Wednesday, June 24, 2009

Leaping In

"...and the theory of relativity occurred to Einstein in the time it takes to clap your hands. This is the greatest mystery of the human mind- the inducive leap. Everything falls into place, irrelevancies relate, dissonance becomes harmony, and nonsense wears a crown of meaning. But the clarifying leap springs from the rich soil of confusion, and the leaper is not unfamiliar with pain." -John Steinbeck

It seems only fitting that the blog has decided to post my photos backwards, from placid sunshine to green growing things to the impending storm and finally to dinner at the end of the day, all in reverse order.
I am fully aware that I've been silent for over a month, overwhelmed with the growing season and all that that entails. Things are good here, though. In this picture, Bradford is in the foreground, leaping into the picture. Brittany is behind him, then Tali, who cooked this fabulous meal, then Janet, Tyler, and Shannon. Tali cooked it while we got some hay in. The weather patterns have sent low after low scudding across the map, from west to east, and each time, our window for haying disappears into a haze of drizzle and clouds. Today was no exception. Shannon tedded the hay- used a machine that scatters the hay all across the field to dry it out faster- then, by the time I came home from the animal hospital, it was ready to rake into rows for baling. Dana and a very pregnant Heather arrived on the scene just as a huge rainbow and accompanying showers passed just to our east.

Here, you can see the blue sky disappearing to our south, and the big storm racing toward us from the north and east. We got all but four bales on the wagon before I hollered that I was cutting and running for the barn with Gertie, the 23 year-old truck towing it. Everyone piled onto the wagon, and we made it into the barn just as the rain really let loose. It felt so good to get the hay in before the rain had a chance to ruin it that we all sat around, stunned and wet from the rain. Except for Bradford, who darted like a frog from one puddle to another, soaking wet from the torrent.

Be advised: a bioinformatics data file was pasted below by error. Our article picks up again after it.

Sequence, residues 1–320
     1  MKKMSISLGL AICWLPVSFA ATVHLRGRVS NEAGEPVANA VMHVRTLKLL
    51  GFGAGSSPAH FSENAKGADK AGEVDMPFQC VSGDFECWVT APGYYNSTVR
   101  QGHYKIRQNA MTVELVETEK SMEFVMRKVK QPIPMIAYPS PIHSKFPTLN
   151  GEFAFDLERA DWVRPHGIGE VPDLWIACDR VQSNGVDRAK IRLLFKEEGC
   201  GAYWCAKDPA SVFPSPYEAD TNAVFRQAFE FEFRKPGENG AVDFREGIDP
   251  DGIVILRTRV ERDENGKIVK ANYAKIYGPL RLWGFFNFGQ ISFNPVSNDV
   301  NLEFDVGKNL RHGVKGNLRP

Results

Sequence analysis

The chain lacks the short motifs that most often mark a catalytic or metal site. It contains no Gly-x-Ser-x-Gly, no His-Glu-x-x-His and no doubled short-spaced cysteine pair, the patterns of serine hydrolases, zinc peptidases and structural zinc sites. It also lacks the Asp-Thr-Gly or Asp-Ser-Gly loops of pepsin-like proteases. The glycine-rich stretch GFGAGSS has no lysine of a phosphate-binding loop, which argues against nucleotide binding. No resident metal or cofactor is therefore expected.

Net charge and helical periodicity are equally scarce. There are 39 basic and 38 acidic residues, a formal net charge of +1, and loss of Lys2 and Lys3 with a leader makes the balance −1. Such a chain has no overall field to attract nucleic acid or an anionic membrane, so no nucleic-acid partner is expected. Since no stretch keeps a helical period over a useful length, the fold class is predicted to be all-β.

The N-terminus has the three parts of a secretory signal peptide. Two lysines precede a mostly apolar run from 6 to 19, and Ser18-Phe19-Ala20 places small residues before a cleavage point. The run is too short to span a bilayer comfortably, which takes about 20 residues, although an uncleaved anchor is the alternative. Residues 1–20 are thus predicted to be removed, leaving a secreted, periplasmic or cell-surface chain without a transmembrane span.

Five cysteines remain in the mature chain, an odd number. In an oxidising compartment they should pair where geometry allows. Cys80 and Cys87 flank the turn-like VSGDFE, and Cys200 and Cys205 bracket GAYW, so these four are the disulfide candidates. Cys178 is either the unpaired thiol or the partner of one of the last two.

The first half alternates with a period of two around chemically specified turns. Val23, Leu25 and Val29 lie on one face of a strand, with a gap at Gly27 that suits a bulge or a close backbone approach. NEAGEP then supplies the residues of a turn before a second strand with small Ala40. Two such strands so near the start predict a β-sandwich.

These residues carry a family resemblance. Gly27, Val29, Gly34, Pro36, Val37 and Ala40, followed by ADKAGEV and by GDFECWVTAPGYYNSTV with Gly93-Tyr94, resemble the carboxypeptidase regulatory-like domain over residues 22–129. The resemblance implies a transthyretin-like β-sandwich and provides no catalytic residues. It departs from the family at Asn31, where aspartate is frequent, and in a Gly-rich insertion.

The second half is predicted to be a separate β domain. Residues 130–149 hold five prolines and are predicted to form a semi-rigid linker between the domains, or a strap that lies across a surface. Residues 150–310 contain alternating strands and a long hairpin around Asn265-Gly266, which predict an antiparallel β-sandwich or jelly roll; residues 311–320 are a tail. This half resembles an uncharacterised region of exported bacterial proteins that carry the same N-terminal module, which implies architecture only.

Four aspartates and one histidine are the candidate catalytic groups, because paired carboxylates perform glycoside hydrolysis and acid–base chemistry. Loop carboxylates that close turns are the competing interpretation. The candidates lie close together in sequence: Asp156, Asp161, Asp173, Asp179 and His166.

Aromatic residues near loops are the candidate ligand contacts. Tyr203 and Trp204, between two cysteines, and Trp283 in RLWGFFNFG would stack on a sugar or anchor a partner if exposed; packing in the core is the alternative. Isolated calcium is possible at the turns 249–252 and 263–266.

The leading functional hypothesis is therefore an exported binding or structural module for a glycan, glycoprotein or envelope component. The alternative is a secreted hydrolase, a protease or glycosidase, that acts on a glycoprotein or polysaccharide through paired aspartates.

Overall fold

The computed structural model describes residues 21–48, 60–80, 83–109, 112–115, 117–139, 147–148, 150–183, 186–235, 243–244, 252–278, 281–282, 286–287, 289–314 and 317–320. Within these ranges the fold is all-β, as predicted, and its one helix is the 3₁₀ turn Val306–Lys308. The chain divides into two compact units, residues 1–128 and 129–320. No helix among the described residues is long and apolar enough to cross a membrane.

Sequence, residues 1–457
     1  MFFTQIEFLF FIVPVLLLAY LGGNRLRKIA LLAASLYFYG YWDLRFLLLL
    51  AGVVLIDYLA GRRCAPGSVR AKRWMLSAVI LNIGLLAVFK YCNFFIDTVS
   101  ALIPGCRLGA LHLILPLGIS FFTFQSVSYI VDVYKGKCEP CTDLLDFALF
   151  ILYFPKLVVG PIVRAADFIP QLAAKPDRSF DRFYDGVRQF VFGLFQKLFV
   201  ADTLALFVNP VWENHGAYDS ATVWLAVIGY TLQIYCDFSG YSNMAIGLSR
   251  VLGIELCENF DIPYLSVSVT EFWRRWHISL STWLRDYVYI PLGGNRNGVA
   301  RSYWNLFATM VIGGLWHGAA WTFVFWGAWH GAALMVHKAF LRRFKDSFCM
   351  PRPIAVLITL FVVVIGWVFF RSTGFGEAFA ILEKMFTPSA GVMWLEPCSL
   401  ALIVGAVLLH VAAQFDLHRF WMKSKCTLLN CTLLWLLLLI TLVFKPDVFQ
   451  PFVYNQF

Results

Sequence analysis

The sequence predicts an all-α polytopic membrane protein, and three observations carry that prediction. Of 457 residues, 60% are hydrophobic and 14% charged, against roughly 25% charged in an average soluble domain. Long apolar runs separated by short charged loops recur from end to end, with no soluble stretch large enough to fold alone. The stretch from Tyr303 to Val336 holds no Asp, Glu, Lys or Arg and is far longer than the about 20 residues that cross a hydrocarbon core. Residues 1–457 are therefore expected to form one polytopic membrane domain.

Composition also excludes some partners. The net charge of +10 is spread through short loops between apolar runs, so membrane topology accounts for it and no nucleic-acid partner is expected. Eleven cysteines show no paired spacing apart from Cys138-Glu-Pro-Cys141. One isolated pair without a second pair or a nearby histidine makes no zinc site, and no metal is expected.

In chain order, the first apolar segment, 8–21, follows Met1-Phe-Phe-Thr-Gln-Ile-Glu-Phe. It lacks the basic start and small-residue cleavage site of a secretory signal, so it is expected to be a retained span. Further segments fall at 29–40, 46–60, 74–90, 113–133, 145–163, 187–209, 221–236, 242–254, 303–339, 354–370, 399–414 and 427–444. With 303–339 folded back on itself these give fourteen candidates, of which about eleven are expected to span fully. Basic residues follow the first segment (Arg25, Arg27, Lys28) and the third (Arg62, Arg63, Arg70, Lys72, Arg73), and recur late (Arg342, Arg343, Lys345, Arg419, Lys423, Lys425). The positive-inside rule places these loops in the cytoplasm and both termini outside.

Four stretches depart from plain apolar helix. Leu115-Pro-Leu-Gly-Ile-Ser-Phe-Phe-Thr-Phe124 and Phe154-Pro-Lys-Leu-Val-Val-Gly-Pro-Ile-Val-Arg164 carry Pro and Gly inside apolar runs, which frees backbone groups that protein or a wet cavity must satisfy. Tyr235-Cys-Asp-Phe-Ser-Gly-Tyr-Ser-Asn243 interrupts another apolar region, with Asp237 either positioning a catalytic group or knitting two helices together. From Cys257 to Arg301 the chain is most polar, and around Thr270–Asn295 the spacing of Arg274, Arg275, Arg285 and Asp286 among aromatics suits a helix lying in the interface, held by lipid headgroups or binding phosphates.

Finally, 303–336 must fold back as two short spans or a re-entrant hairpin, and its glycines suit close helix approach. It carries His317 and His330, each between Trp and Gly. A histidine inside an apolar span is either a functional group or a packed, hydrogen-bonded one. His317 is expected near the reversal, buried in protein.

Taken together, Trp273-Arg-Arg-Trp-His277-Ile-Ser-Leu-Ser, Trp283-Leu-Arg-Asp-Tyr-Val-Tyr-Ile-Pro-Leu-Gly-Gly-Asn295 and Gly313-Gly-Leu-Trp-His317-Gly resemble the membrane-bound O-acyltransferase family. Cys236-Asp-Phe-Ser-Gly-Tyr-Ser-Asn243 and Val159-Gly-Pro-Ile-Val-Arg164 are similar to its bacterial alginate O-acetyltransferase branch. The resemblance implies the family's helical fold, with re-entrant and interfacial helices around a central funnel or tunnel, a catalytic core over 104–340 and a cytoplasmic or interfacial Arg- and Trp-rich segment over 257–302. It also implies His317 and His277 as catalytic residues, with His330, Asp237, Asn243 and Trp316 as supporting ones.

Protected inside one of the two hoophouses are the head lettuces, the bunching onions, and two mammoth cabbages that were wayward strays in the transplanting process, and who we kept out of pity. They are nearly four feet across now, and just starting to head up.

Michael, the 32 year-old horse, is still protecting the sheep. They are doing really well this year. The lambs are beautiful, and it's only a matter of how much hay we can get in the barn that determines how many of them we can keep as replacements. The five cows are comfortably pastured on the hill, and the piggies are growing quickly, thanks to the constant attention of the apprentices. We have squash bugs and Mexican bean beetles. We are struggling to get hay in because of the constant flow of low pressure. We have so much lettuce that we can't sell it all. And still. And still, this farming life is a good thing. It's constant and it's empowering.